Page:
The country was governed and the lands held under the French law, known by the name of the Coutume de Paris—a system of which the remaining traces were effaced in Europe by the French revolution of 1790. By the terms of the . tulation of Quebec the inhabitants had been secured in the possession of their property and their privileges, and in the enjoyment of their religion, and immediately after the conclusion of peace a proclamation issued, promising the future establishment of a representative form of government, and in the interval guaranteeing to the King's new subjects the benefit of the laws of England. At this time the population of Canada did not exceed 70,000 souls; and during the years which immediately succeeded, while, in the absence of all legislation on the subject, the laws of England were in force by virtue of the royal proclamation, considerable progress was made towards the introduction of British customs and feelings. Nor were there any complaints at that time of the hardship of such a policy. On the contrary, the people, too happy to be relieved from the iron despotism of France, and grateful for the protection extended to their religion and property, appear to have been repared cheerfully to accept such modifications of their existing institutions as the British government might think necessary. Even until a comparatively recent period they continued to retain a lively sense of the contrast between the French and the British governments, and of the advan#. which they derived from their transfer in 1763 to the atter. In 1774 the government was placed on a more regular footing by the act of the 14th Geo. III, commonly called the Quebec Act, by which a council was appointed, possessing, with the governor, legislative powers in all matters except taxation. At the same time the most perfect toleration was secured to the Roman Catholic priesthood and laity; even the oaths of abjuration and supremacy being in their case replaced by a modified form of oath of allegiance. Had the act proceeded no further all would have been well: the amalgamation which had begun between the two races would have gone on without difficulty or interruption, and the institutions of the country and the feelings of the people would, without any severe shock, have been gradually anglicised. But about this date began the discussions with the American provinces; and British statesmen, frightened at the independent and democratic spirit which had there sprung up, seem to have considered it a wise policy at any price to raise an impassable barrier between the New England states and their neighbouring fellow-subjects of French origin. Accordingly the act of 1774, in addition to the provisions already noticed, re-established the French civil law in all the conceded parts of the province in which, since the treaty of Paris, it had been supposed that the English law prevailed. The English criminal law alone remained. The necessary effect was to arrest the tendency to assimilation which had begun to shew itself—to revive and perpetuate those French institutions which had preceded the conquest, but which had begun to disappear—and to turn back the sympathies of the Canadians from their fellow-subjects of English descent to their ancestral connections, subjects of the French crown. No surer way could have been found of preventing a community of feeling between Canada and the adjoining British colonies; but, although such a policy might have an ephemeral convenience, it contained within itself the seeds of permanent evils, the results of which we feel at the present day. The constitution of 1774 lasted 17 years; and during the revolutionary struggle, which occupied a large portion of that period, the French Canadians displayed an unflinching attachment to the British crown. But in 1791, still further to secure their attachment, and to leave them nothing to envy in the institutions of the revolted provinces, the imperial parliament consented, in deference to the applications of a portion of the inhabitants, principally the English merchants who had now settled in Quebec and Montreal, to confer on Canada a legislature, framed after its own likeness, and invested with its own attributes. In imitation of the parliament of Great Britain, the Canadian legislature was to consist of its representative assembly, elected by 40s. freeholders (tantamount almost to universal suffrage,) and its council, nominated by the crown; while, to draw still closer the resemblance between the latter body and the House of Lords, the seats in it were declared to be for life, and the crown was authorized to make them hereditary, and to annex to them hereditary titles. This authority, however, was never acted on. It is probable that the British government did not at first contemplate a division of the province, but merely an extension of the system established by the act of 1774. But such a scheme naturally created much alarm among the French Canadians; who in a memorial presented to the crown, and dated in December 1778, thus expressed their feelings:—“It is our religion, our laws relative to our property, and our personal surety in which we are most interested; and these we enjoy in the most ample manner by the Quebec bill. We are the more averse to an house of assembly, from the fatal consequences which will result from it. Can we, as Roman Catholics, hope to preserve for any length of time the same prerogatives as Protestant subjects in a house of representatives? and will there not come a time when the influence of the latter will overbalance that of our posterity? In this case should we and our posterity enjoy the same advantages which our present constitution secures to us? Again: have we not reason to dread lest we should soon see those taxes levied upon the estates which are at present actually levied upon articles of commerce, which the inhabitant pays indirectly it is true, but in proportion to what he consumes? Shall we not fear that we may one day see the seeds of dissension created by the assembly of representatives, and nourished by those intestine hatreds which the opposite interests of the old and new subjects will naturally give birth to ?” It was apparently to obviate these objections, some of which have been remarkably verified, and to conciliate all parties, that the division of the province was resorted to, the boundary being drawn at the point where the grants of the French crown, and consequently the French settlements, ceased. The country west of that point was to be governed exclusively by British laws and customs, and the lands held on the tenure of free and common soccage; the country to the east, as far as it had been already conceded, continuing to be held on the French tenure. Thus was apparently secured to each class of the King's subjects, within this portion of his dominions, the free and unrestricted enjoyment of its own eculiar laws, language, and religion. Plausible as were the arguments by which this arrange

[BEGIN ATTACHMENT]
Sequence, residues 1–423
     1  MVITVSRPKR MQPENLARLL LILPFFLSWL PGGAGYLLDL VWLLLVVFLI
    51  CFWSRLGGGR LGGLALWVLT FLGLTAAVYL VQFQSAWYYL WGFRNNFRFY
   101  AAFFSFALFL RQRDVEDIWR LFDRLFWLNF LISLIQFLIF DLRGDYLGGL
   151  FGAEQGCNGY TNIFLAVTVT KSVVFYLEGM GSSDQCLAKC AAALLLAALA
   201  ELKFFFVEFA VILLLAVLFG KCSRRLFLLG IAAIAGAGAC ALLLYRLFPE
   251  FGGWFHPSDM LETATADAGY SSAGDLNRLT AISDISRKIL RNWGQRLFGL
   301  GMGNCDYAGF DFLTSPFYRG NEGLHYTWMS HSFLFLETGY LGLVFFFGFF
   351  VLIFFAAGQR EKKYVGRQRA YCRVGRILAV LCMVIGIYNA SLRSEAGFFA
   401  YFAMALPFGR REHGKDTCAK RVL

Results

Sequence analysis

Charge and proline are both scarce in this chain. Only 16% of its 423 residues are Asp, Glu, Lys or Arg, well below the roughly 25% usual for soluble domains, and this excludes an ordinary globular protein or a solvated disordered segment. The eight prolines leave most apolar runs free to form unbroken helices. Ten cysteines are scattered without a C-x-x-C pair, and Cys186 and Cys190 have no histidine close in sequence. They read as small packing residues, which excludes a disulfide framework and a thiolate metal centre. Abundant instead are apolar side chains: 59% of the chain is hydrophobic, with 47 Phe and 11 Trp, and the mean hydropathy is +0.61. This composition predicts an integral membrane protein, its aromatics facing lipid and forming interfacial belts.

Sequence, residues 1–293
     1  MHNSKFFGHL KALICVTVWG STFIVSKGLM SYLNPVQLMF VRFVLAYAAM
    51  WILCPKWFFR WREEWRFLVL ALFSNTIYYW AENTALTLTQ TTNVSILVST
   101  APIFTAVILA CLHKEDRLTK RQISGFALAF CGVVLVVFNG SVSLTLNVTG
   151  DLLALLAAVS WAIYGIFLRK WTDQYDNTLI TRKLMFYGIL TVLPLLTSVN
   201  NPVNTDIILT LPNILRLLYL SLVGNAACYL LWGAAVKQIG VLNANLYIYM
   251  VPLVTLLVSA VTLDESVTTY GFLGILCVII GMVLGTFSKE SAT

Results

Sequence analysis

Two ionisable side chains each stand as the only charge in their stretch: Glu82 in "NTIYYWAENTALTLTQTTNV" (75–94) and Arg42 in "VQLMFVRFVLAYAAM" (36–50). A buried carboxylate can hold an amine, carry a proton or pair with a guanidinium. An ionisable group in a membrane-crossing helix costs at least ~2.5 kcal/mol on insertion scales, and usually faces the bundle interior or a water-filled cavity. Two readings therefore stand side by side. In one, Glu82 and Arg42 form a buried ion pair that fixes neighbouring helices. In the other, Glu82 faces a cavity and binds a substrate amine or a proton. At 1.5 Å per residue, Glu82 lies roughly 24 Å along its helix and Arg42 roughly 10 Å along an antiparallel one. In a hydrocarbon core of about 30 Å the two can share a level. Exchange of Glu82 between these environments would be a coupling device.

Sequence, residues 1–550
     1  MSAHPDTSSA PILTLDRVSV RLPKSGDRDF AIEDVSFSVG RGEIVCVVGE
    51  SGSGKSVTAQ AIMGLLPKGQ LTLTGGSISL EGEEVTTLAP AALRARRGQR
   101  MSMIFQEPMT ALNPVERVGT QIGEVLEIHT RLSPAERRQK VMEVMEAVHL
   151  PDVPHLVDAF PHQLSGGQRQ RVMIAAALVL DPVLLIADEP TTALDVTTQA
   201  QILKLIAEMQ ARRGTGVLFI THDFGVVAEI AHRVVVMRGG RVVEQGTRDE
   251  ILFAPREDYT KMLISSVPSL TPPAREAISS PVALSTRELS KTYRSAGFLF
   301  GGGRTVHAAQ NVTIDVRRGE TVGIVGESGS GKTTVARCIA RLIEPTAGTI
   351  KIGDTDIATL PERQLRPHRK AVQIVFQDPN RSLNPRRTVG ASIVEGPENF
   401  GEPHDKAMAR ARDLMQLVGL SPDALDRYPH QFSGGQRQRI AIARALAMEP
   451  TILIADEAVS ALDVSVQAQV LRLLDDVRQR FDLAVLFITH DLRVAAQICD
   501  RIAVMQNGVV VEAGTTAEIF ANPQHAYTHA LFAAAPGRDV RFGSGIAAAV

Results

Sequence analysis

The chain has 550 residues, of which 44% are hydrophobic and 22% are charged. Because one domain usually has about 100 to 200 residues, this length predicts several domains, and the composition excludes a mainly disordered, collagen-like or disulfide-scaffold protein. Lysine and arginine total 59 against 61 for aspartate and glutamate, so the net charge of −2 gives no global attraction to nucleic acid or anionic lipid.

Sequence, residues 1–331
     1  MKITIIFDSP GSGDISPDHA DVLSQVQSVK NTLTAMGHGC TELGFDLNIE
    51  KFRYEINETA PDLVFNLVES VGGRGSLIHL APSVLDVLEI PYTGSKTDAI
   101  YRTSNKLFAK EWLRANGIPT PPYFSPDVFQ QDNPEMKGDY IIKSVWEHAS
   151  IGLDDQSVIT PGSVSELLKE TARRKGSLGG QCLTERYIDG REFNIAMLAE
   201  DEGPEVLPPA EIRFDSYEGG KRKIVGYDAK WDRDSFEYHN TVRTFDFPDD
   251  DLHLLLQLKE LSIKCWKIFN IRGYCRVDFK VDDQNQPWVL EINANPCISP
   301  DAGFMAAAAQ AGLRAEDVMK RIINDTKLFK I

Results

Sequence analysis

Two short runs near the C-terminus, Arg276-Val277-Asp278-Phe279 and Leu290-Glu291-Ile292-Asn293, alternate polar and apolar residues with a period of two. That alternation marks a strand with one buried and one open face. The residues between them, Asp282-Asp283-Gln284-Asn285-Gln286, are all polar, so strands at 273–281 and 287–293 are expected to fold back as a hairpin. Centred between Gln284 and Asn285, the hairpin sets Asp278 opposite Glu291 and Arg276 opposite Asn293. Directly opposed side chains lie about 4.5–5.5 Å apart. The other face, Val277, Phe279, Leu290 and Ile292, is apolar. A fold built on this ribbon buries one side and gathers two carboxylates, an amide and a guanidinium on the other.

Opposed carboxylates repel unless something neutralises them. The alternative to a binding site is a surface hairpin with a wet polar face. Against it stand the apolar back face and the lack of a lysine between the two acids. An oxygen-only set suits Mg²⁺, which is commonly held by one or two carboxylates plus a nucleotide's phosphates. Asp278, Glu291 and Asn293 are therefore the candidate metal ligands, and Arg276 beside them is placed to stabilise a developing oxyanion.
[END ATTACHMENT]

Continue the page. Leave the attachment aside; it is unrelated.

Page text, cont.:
ment was recommended, its defects did not escape the opposi-.